Total   395,527   18,116   1,761   6,011   20,783   442,198
Table 3: Patterns of Unemployment
        Employment   status: COT4
year    Employee     Self-Empl Unempl   Inactive   Total

1992    62.08        13.51    10.61     13.80      100.00
1993    61.33        13.67    10.40     14.59      100.00
1994    60.88        14.01    9.68      15.43      100.00
1995    62.39        13.65    8.57      15.40      100.00
1996    62.99        14.08    7.59      15.34      100.00
1997    64.15        13.55    6.39      15.91      100.00
1998    65.49        12.92    5.75      15.84      100.00
1999    66.25        12.32    5.34      16.09      100.00
2000    65.95        12.97    4.73      16.34      100.00
2001    65.86        12.77    4.70      16.68      100.00
2002    65.93        12.87    4.61      16.59      100.00
2003    65.18        13.72    4.28      16.82      100.00
2004    65.58        13.58    4.01      16.83      100.00

Total   64.19        13.35    6.60      15.85      100.00
Table 4           Logit regression on unemployment
                           Model 1     Model 2     Model 3

 Age/10                    -1.099***   -.938***    -.937***
 Age/10 squared             .128***     .107***     .107***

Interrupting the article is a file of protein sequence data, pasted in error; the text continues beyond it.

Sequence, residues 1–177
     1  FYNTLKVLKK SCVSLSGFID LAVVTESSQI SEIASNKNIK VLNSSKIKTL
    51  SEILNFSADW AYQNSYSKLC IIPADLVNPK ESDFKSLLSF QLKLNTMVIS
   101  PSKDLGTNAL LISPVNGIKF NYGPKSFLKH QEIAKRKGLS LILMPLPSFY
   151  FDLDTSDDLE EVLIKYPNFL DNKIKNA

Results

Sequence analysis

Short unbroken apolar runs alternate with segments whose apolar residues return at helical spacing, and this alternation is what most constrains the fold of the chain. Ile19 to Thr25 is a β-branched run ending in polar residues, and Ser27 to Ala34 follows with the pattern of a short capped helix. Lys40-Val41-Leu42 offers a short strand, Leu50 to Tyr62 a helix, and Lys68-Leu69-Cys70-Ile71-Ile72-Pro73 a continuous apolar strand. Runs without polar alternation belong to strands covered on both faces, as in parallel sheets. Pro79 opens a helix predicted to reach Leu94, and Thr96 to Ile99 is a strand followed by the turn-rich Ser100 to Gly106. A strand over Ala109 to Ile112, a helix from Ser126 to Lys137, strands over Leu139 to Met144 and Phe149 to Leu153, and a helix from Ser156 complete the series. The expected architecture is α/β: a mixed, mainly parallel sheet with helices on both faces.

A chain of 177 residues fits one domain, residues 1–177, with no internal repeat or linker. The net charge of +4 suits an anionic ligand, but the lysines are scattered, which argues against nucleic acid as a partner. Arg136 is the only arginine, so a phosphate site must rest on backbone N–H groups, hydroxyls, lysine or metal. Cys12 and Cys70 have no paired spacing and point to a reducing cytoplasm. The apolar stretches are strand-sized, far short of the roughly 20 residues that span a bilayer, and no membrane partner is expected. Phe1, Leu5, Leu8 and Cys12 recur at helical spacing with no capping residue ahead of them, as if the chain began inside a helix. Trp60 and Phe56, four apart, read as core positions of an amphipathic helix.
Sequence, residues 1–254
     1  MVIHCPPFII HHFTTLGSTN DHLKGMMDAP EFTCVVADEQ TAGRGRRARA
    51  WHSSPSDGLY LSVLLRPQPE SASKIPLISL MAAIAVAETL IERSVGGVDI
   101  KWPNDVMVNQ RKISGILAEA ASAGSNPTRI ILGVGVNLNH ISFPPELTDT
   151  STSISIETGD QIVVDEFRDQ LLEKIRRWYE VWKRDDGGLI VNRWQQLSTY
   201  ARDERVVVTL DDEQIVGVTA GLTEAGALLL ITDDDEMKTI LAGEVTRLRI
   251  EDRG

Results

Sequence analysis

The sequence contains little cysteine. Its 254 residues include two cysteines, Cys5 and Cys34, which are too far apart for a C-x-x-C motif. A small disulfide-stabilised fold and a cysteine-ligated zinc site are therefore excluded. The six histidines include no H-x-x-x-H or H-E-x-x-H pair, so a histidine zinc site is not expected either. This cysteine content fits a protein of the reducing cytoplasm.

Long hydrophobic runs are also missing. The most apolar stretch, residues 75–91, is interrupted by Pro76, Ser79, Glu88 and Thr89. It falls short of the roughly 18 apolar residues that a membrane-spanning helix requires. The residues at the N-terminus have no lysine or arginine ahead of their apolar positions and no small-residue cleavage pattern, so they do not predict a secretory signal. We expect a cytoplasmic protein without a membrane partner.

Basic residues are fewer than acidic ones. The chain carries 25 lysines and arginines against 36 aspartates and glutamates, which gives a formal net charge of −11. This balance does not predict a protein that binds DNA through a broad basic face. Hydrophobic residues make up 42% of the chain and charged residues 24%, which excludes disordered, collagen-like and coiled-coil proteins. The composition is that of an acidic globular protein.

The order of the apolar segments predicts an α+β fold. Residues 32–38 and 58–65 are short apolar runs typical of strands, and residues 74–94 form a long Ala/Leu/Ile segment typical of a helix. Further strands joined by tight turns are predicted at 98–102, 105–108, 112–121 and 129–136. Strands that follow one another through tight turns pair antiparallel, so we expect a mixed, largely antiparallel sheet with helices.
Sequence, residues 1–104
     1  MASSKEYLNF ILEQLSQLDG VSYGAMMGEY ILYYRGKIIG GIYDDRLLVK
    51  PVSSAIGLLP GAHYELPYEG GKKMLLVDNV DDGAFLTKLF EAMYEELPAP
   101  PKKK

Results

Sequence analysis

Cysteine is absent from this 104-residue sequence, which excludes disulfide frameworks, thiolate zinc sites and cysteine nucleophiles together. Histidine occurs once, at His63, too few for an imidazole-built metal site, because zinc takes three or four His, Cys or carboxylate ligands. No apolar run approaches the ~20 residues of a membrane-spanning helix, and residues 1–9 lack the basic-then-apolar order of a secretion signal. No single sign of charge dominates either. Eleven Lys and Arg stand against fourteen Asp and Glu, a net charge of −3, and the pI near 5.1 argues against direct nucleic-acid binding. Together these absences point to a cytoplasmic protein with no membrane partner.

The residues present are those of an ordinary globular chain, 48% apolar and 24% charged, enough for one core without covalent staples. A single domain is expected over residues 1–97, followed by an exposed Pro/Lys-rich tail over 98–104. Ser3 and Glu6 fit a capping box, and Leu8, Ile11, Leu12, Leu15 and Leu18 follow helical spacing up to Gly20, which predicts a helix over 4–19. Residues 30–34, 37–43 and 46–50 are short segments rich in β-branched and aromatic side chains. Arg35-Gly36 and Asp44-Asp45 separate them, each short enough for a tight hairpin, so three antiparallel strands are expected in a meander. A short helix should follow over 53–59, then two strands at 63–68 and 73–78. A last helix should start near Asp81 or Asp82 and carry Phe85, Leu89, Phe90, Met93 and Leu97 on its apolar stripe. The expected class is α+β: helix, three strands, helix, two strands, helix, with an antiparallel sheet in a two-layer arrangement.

Marital status
    Married (base)
    Once married           1.007***     .999***     .999***
    Never married           .877***     .940***     .940***
 Time                      -.110***    -.109***    -.108
 Education
    Degree+ (base)
    Professional                        .045        .045
    A Levels                            .383***     .383***
    O Levels                            .511***     .511***
    Primary/none                       1.139***    1.139***
 Ethnic/generation
    UK born White (base)
    F born White                       .129***     .279***
    2nd gen BME                        .776***     .380*
    1.5 gen BME                        .794***     .658***
    2nd gen BME                        .874***     .923***
 Interaction effects
    F born White*time                              -.024*
    2nd gen BME*time                                .057*
    1.5 gen BME*time                                .021
    2nd gen BME*time                               -.007

 Constant                  -.099***    -1.106***   -1.113***
 Pseudo R2                  .061        .093        .093
 N                         384726      359238      359238
  Table 5: Patterns of class positions

         Classes: Erikson-Goldthorpe92: COT
year     I-II     IIIa     IVabc V-VI    VII     Total

1992     40.06   8.40   10.46    24.89   16.19   100.00
1993     40.56   8.51   10.87    24.42   15.64   100.00
1994     40.48   8.34   11.16    24.06   15.96   100.00
1995     41.06   8.34   10.87    23.77   15.96   100.00
1996     40.99   8.70   11.08    23.37   15.86   100.00
1997     41.03   8.39   10.00    23.23   17.34   100.00